Abandoned farmland reverts spontaneously to forest on a Gallatin (Columbia County) hillside in this 1935 image by Rogers McVaugh. Most of the County’s former farmland has returned to forest on its own.

In the late 1800s and early 1900s, New York State land use visionaries, especially those in the eastern half of the State, had a quandary. For a variety of reasons (including the opening up of the fertile Midwest and a large-scale conversion to corn-based dairy), many former farm fields were being abandoned. For example, in 1925 it was estimated by Vaughan that New York had 4,500,000 acres less farmland than in 1880, the approximate peak of agricultural clearing. That amounted to about 15% of the State’s land cover, an area roughly equal to that of Columbia, Greene, Rensselaer, Dutchess, Ulster, Orange, Sullivan, Putnam and Rockland counties combined. In Columbia County alone, we estimate that improved farmland dropped by around 100,000 acres or more than 25% during the same period.

Reforestation was one way to fill this void. As Vaughan also put it, “The vast areas of idle land in the State are not only non-productive but they have a very depressing influence on agriculture and on the State as a whole…. In order that such land be kept from [unprofitable] agricultural production and still not remain idle and unproductive, reforestation has been suggested as the logical remedy.”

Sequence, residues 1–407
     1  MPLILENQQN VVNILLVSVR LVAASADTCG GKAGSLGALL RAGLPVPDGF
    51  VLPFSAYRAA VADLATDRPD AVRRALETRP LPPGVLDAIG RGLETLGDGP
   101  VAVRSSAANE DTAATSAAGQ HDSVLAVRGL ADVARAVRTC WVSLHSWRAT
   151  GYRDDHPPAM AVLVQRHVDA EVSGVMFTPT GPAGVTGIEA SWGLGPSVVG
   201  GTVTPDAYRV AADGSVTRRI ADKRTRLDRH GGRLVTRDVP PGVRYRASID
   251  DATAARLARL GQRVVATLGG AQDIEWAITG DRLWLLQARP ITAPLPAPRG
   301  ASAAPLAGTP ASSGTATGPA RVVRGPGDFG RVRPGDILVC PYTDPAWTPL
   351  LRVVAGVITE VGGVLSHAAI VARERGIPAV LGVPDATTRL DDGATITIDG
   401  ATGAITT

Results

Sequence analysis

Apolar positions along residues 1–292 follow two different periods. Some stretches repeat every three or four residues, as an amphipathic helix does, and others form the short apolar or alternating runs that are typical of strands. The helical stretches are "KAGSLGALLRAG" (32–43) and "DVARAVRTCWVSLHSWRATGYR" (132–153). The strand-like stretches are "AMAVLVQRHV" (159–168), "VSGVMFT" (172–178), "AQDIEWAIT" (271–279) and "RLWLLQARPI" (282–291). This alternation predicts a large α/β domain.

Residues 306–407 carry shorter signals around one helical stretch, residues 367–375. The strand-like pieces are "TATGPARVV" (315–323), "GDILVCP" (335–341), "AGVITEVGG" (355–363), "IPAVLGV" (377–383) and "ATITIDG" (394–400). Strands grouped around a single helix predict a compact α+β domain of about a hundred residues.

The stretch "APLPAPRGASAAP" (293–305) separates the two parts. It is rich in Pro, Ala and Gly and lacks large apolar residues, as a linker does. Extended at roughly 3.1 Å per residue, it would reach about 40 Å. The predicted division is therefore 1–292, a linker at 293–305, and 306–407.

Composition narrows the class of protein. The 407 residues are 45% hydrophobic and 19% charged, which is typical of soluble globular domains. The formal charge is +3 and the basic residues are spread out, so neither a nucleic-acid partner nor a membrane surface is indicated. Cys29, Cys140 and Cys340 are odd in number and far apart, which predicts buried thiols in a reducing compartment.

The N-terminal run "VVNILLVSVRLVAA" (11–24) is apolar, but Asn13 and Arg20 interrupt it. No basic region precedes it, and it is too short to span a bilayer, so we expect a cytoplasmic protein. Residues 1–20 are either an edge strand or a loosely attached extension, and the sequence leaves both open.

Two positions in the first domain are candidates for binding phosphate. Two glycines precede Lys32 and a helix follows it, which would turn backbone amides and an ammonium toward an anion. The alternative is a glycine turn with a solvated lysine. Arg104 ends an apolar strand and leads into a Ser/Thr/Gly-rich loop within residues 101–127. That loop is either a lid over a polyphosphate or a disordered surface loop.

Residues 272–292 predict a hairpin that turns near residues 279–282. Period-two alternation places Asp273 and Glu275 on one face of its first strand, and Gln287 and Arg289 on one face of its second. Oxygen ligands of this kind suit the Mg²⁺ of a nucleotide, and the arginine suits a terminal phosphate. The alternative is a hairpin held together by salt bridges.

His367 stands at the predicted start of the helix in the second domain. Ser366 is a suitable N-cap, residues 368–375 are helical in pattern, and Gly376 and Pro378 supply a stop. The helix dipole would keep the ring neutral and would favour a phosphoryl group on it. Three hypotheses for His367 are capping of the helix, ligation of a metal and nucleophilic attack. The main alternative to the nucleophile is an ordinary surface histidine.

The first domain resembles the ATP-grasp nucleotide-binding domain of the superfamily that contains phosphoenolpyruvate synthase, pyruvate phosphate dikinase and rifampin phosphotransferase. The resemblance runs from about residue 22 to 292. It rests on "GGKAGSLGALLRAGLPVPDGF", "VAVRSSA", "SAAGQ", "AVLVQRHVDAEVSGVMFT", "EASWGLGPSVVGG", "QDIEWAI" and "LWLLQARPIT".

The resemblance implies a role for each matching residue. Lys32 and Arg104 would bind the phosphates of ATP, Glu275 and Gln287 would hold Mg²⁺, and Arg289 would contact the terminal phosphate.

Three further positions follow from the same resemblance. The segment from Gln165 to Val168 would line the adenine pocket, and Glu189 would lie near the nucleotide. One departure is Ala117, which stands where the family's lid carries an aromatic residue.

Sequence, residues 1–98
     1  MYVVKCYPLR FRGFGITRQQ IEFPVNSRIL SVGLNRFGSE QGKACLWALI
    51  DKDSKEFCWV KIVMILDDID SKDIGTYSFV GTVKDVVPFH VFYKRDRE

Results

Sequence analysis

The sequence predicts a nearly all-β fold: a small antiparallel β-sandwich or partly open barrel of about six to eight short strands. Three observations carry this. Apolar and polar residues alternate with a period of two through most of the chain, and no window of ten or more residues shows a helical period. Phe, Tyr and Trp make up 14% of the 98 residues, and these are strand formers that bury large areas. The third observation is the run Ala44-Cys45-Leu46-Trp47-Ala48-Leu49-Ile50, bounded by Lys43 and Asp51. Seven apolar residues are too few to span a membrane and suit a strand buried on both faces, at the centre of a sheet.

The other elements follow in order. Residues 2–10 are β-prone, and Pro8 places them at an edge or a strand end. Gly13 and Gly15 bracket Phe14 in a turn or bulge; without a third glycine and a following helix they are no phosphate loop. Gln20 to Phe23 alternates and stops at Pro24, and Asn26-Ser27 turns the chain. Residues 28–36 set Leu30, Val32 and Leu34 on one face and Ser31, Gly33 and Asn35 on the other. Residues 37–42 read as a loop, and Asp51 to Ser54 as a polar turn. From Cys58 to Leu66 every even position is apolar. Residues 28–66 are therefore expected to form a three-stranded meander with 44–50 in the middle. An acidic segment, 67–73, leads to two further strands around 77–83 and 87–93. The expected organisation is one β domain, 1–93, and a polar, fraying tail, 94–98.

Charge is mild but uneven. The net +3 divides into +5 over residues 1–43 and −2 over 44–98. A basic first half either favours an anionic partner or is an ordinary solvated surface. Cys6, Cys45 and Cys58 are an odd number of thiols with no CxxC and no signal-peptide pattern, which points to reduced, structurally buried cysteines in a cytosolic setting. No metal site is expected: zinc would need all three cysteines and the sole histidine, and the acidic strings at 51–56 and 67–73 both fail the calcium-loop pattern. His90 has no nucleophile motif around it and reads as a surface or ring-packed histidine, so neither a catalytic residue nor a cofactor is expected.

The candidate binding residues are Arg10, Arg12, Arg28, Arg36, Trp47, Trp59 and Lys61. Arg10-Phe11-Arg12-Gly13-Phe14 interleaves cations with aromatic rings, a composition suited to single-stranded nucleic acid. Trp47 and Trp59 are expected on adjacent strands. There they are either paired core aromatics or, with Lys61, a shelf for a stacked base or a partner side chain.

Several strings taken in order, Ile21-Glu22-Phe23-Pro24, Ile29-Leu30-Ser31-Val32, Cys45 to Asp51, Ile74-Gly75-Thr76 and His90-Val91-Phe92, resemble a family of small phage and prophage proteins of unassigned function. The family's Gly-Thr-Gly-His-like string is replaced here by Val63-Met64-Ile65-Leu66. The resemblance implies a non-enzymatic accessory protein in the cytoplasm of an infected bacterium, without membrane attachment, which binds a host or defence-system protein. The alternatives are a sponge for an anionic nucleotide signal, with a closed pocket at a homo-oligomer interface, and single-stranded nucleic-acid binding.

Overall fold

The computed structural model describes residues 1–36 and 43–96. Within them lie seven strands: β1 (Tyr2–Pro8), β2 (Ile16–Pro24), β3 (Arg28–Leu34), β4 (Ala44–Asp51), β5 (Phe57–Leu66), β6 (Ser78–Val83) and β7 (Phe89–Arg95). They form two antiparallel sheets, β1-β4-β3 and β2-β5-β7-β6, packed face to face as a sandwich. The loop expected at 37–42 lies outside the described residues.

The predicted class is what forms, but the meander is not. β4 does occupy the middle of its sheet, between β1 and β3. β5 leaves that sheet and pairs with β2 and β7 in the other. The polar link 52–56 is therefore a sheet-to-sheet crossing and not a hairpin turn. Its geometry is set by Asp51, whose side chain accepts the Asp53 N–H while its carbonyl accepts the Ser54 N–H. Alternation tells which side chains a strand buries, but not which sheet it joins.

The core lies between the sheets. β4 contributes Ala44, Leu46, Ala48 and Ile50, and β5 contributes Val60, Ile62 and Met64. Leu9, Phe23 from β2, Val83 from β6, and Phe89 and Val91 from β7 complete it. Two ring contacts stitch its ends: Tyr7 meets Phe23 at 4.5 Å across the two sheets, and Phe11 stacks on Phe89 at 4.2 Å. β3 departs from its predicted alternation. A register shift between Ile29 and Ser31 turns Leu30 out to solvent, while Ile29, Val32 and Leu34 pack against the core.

Perhaps inspired in part by German forestry, creating plantations became a focus of reforestation efforts. But what to plant? For several reasons, conifers seemed the logical answer: for example, White Pine was an eager old field volunteer, reflecting the ability of pines to grow on open land; pines tended to grow tall and straight in plantations; and the oft-erroneous vision of the primal pine forest perhaps helped to convince foresters of the long-term appropriateness and ease of growing such species. The State grew and planted millions of conifer seedlings. Between 1909 and 1952, over 790,000,000 trees were reportedly distributed. The vast majority of these were conifers, with White Pine, Red Pine, Scotch Pine and Norway Spruce prominent amongst them. Eventually, Red Pine was apparently favored over White Pine because it seemed more resistant to the pests and diseases that killed or, at least, distorted White Pine thereby reducing its timber value.